Then there's writers who write spec scripts. This isn't something that all writers do, and it actually surprised me. I am extremely prolific at writing, I'm always writing something, a screenplay, an idea for one, an idea for a documentary, an idea for a pilot.

Since I have a background as a newscameraman, I make small documentaries which I shoot on digital and edit in Final Cut Pro, which took me 2 years to learn. But now I love that software and am currently editing a doc I shot with my deceased friend's son. It's about Highway 50 in Nevada, dubbed "the loneliest highway in America".

I love doing these docs because it's all in my hands, I don't argue with anyone about how it should be filmed or cut.

And I write specs somewhere in that collection of things I do to try to make a buck. But as I said, some writers don't do that. In fact some can't do it. I couldn't understand this at first but began to see what the problem was.

Alot of writers need to be hired in order to work. I know writers who couldn't write a spec if their life depended on it. And I don't think less of them anymore than they think less of me. There are a lot of us who do write specs that we hope someone will buy. I write at least 2 specs a year, full feature-length screenplays. Currently I have around 33 specs "on the shelf" as they say.

33 screenplays that are begging to be made.

So why haven't they been made yet? Simple enough.

I haven't found someone who likes one or more of them that wants to make them. They're not bad, they're just not what "they" are looking for. And I can't blame them. I always say they may not like my story, but they can't say my writing is bad.

The odds of getting someone to like your story is a combination of craft, timing and just plain old luck.

Take Christmas In Nowhere. I wrote it 4 years ago and it hung around ABC Family and Lifetime and Hallmark for that long. Oh, they all loved it, but they didn't want to make it. My old agent Frank used to say "I'd rather have you love Jim less and buy him more".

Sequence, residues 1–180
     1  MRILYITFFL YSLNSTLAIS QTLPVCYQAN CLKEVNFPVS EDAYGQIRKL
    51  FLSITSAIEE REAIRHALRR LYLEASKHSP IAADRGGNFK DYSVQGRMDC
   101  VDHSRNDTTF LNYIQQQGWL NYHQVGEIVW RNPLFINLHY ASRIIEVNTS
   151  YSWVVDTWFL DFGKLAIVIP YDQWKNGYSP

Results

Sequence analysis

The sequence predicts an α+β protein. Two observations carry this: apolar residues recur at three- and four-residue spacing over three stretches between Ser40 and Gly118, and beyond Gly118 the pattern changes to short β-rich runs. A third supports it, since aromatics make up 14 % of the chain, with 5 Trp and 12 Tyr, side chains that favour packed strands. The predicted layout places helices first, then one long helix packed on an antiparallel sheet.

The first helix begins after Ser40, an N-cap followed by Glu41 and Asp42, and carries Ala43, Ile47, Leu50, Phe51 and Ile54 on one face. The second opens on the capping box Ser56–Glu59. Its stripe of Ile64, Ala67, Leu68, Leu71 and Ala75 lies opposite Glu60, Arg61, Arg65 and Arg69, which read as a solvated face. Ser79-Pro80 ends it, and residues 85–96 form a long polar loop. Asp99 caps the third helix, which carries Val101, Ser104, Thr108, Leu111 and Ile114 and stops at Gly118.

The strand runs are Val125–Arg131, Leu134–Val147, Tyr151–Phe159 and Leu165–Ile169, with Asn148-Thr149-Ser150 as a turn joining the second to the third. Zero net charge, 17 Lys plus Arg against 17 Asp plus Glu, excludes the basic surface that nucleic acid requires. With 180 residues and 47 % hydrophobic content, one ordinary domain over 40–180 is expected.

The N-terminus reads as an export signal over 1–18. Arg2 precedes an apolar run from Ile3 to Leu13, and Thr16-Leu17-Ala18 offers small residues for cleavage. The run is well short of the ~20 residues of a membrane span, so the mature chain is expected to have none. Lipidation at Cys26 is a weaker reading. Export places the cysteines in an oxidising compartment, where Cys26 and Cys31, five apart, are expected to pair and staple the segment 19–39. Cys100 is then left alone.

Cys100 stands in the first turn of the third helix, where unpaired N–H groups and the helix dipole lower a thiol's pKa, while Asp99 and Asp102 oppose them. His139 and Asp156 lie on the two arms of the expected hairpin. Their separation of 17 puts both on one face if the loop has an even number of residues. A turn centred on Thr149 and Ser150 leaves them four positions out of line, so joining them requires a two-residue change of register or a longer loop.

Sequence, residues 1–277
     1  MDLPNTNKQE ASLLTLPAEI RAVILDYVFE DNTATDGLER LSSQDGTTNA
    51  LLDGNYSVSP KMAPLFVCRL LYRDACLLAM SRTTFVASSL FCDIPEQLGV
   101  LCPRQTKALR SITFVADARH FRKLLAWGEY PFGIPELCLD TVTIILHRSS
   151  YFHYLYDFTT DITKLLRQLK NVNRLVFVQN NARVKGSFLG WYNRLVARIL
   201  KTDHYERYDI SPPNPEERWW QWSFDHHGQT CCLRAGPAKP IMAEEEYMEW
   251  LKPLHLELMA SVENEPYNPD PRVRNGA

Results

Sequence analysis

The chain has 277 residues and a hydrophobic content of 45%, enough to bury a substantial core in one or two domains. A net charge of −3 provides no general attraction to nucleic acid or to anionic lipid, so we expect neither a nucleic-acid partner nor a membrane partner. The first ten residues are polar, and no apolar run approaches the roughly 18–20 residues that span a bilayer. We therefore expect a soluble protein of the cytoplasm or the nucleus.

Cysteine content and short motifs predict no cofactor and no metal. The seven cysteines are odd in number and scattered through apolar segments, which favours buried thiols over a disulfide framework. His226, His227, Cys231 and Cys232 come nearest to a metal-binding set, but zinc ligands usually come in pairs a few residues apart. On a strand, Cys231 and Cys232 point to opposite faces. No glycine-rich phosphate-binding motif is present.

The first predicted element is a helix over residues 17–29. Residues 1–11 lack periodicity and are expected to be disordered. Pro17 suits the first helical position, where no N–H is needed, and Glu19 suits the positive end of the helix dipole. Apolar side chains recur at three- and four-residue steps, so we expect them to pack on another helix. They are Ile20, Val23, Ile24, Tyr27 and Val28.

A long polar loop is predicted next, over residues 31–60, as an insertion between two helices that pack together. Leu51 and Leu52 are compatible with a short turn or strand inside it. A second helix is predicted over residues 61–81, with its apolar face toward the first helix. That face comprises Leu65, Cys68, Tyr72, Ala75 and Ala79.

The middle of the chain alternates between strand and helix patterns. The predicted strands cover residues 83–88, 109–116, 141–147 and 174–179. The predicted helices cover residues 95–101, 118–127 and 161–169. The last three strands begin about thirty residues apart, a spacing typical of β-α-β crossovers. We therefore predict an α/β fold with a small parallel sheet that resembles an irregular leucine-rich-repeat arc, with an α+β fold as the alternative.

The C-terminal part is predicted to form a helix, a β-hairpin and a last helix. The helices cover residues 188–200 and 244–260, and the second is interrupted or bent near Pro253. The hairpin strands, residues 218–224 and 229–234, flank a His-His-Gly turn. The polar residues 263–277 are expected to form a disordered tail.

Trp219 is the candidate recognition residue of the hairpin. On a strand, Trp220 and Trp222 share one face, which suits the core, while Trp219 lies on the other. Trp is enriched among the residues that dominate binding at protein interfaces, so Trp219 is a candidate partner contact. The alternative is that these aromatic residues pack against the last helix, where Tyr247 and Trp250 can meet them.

Guess what happened after 4 years?

They bought it. 

What did it take? What was the burning desire someone had to finally take the leap? Well, I asked the woman who pushed the project for Hallmark. Was it my great writing, or my track record, or my glowing personality?

No. It was none of them.

It was because the teen-age girl in my screenplay reminded her of her two daughters. 

That was all. Really. Okay, she did like the writing and they went with my draft of the screenplay with actors changing a line here and there. But it got made because the teen touched this producer's heart in a way only she could see.

And I look at it as pure luck. Sure the script was good enough to land on a stack of screenplays at Hallmark, but it was picked out of sheer luck.

And nobody can teach a writer that part.

Watch for it this Christmas.

(Mon: More movies)

Monday, September 20, 2010

Meanwhile Shirley wins awards and travels the world with her latest Short Film 'Roxy'.

Those of who who started with this blog detailing the funding of Travel Day have often read about Shirley Petchprapa, the filmmaker and director who partnered with me on the project. We met when she was looking for screenplays and read one of mine, a drama called Secrets of the Salmon.

We almost instantly got along, the young, smart New Yorker and the Canadian writer and director. It wasn't long before we decided to make a feature film together with me producing one of my screenplays that she would direct.

One of the things that impressed me, besides her talent (and I rarely use that word) was that I don't know many filmmakers who can actually grind a lens, you know special glass and "sand" to make an optical lens. Shirley did that and she has designed and created several other camera accessories.

Shirley comes from Graphic Design and Art Directing eventually editing a documentary and producing, shooting and editing several documentary pieces as well as a narrative television short that was pitched to the SyFy channel in 2006.  It was around then that she decided to pursue filmmaking exclusively.

Earlier this year she received the Best Soundscape award for her short film 'Tuesday' ( from the Dresden Filmfest in Germany. She is currently traveling around the globe with her newest short, 'Roxy' (, which had it's World Premiere at the prestigious Festival del film Locarno in Switzerland. 'Roxy' is headed to the Mill Valley Film Festival in October as well as in competition at the Lucca Film Festival in Italy and the Marbella Film Festival in Spain. 

Iain Stott of 'The One-Line Review' says "There are echoes of J.D. Salinger’s A Perfect Day for Bananafish (1948) in Shirley Petchprapa’s intensely sensual and ethereally beautiful self-financed short film…" (Full review: You can also read some insights about her experience making 'Roxy'.